<rdf:Description rdf:about="" xmlns:apple_desktop="">
				<!-- (Base64-Encoded Metadata) -->

That’s all the information we need to make new wallpapers of our own!

Generating Dynamic Wallpapers

The code below is tweaked from Mattt’s aforementioned Playground.

First we have references to the two light and dark wallpapers. These must be stored in the Playground’s Resources folder:

let lightImage = NSImage(imageLiteralResourceName: "Mojave Day.jpg")
let darkImage = NSImage(imageLiteralResourceName: "Mojave Night.jpg")

Next, a location for where the final image must be stored:

let outputURL = URL(fileURLWithPath: "/Users/harshil/Desktop/output.heic")

Catalina makes some changes to how permissions work for certain folders including the desktop, so you might need to change the location.

We then create a CGImageDestination:

	let imageDestination = CGImageDestinationCreateWithURL(
		outputURL as CFURL,                 // url
		AVFileType.heic as CFString,        // type
		2,                                  // count
		nil)                                // options
else {
	fatalError("Error creating image destination")

Then we create a metadata item and populate it as per the XML structure:

let imageMetadata = CGImageMetadataCreateMutable()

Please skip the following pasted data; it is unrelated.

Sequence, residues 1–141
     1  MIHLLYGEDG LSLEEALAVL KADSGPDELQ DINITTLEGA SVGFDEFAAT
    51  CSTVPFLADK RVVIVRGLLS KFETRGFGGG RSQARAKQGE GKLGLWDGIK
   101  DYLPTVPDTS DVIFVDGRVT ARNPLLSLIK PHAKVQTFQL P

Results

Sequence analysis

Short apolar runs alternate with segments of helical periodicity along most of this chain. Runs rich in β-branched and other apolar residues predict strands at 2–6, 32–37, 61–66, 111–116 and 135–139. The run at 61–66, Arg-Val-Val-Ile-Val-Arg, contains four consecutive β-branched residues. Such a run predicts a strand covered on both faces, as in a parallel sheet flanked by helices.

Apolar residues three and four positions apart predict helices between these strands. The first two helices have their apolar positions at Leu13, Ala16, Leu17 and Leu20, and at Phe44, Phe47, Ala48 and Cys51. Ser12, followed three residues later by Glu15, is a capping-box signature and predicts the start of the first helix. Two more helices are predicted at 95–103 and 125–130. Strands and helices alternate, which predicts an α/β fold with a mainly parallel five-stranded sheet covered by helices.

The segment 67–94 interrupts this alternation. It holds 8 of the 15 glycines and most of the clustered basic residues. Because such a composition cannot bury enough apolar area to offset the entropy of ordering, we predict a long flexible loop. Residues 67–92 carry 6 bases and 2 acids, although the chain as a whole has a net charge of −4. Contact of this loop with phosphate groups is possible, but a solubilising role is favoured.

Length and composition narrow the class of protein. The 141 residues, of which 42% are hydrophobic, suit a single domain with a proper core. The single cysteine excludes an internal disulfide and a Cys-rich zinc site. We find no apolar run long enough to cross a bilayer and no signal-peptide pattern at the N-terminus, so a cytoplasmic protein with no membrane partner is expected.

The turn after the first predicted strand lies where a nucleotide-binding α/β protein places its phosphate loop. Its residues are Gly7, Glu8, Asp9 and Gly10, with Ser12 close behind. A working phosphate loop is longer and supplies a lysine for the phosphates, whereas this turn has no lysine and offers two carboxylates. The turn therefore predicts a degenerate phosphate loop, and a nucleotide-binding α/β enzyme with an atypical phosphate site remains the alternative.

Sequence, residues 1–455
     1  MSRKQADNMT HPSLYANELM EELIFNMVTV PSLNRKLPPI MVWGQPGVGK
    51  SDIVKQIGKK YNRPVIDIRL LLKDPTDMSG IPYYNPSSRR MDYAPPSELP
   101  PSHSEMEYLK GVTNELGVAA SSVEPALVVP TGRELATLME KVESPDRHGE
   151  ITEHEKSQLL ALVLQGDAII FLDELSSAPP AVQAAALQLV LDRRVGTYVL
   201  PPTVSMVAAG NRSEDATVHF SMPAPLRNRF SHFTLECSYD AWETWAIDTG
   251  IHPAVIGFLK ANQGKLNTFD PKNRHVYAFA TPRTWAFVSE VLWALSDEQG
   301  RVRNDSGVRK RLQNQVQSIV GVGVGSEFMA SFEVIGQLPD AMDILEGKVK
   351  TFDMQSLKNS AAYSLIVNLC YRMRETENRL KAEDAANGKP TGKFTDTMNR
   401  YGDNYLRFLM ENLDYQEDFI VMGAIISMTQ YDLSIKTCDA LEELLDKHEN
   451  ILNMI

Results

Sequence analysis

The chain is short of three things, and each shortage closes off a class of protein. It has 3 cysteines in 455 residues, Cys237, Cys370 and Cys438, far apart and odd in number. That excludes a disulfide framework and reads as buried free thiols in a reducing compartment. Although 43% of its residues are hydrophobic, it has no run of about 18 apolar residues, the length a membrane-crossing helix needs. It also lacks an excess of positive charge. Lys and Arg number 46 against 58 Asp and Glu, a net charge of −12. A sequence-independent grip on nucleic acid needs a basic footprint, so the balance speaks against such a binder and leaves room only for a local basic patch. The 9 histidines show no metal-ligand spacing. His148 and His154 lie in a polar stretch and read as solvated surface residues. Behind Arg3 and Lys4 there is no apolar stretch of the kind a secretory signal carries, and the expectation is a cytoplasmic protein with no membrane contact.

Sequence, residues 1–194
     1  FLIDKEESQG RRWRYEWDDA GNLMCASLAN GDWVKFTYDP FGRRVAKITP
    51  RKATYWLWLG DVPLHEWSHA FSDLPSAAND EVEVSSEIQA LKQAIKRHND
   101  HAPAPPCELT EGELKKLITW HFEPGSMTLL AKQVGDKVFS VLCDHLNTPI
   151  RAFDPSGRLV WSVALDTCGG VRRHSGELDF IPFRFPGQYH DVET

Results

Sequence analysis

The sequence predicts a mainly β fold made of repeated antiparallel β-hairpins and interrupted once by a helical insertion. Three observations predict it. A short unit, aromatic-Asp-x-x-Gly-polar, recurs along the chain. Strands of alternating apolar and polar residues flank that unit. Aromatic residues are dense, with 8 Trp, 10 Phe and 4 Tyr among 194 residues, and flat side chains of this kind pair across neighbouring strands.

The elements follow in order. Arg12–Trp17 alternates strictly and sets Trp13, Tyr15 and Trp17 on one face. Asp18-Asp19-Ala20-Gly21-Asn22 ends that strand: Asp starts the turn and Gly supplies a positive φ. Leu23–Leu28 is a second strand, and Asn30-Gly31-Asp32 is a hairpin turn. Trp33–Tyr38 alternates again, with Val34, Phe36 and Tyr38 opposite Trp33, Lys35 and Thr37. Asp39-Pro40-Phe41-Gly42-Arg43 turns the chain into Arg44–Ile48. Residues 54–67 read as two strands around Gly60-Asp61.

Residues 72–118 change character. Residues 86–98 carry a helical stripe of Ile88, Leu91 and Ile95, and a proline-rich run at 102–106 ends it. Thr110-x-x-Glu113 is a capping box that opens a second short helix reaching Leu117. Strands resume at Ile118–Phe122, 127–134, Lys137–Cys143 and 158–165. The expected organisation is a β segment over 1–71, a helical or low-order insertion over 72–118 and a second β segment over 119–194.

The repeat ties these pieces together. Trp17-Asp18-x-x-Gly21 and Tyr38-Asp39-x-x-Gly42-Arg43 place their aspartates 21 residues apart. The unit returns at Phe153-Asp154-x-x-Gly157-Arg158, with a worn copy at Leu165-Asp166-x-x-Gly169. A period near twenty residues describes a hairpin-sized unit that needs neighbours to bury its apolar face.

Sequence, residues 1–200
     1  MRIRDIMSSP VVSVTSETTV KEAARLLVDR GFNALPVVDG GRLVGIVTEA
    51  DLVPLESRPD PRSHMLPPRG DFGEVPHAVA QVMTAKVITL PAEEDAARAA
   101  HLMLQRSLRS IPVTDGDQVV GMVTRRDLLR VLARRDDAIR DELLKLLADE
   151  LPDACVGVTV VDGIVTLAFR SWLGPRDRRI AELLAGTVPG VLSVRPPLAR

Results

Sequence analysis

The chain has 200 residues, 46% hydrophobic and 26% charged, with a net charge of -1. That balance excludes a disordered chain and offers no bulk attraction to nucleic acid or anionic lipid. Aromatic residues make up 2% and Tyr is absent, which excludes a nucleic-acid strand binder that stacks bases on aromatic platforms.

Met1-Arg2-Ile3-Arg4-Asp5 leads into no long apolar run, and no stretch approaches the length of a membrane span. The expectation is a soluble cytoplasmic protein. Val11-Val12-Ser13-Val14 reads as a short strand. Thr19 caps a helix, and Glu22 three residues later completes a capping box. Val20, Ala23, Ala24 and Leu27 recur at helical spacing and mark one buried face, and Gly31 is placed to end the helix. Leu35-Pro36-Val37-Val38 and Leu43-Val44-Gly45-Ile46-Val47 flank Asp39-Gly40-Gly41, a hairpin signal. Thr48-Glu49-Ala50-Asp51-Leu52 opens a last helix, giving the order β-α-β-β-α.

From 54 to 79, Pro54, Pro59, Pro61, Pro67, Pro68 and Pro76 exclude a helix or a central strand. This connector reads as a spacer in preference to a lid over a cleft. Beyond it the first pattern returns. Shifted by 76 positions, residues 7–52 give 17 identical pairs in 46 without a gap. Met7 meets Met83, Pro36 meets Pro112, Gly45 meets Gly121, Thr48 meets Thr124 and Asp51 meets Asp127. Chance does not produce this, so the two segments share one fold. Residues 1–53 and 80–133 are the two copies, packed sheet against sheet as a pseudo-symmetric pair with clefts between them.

let metadata = try? DynamicDesktopMetadata().base64EncodedMetadata() as CFString,
	let tag = CGImageMetadataTagCreate(
		"" as CFString,        // xmlns
		"apple_desktop" as CFString,                             // prefix
		"apr" as CFString,                                       // name
		.string,                                                 // type
		metadata),                                               // value
	CGImageMetadataSetTagWithPath(imageMetadata, nil, "xmp:apr" as CFString, tag)
else {
	fatalError("Error creating image metadata")

We then convert the images to CGImages and write them to file, including the metadata along with the first image:

	let lightCGImage = lightImage.cgImage,
	let darkCGImage = darkImage.cgImage
else {
	fatalError("Error converting images")

CGImageDestinationAddImageAndMetadata(imageDestination, lightCGImage, imageMetadata, nil)
CGImageDestinationAddImage(imageDestination, darkCGImage, nil)

And lastly we finalise the conversion:

guard CGImageDestinationFinalize(imageDestination) else {
	fatalError("Error finalizing image")

Once this has finished executing, we should have our image at the destination URL, ready for use!

The automatic wallpapers work in Mojave too, although setting them somewhat glitches out the UI in System Preferences.

Even though iOS 13 ships with its own dynamic wallpapers, neither the official Catalina wallpaper nor any that I’ve generated seem to work there. Hopefully that’s just a beta bug.

You can find the full source code for the above on my fork of Mattt’s repo. I have also made some dynamic wallpapers from the wallpapers shipping with iOS 13, which can be downloaded here.

  1. The two wallpapers bundled with Mojave, the eponymous “Mojave” and “Solar Gradients”, include 16 images each.

  2. I switch between themes enough that I even made my first Mac app, Nocturnal, to make it easier to do so.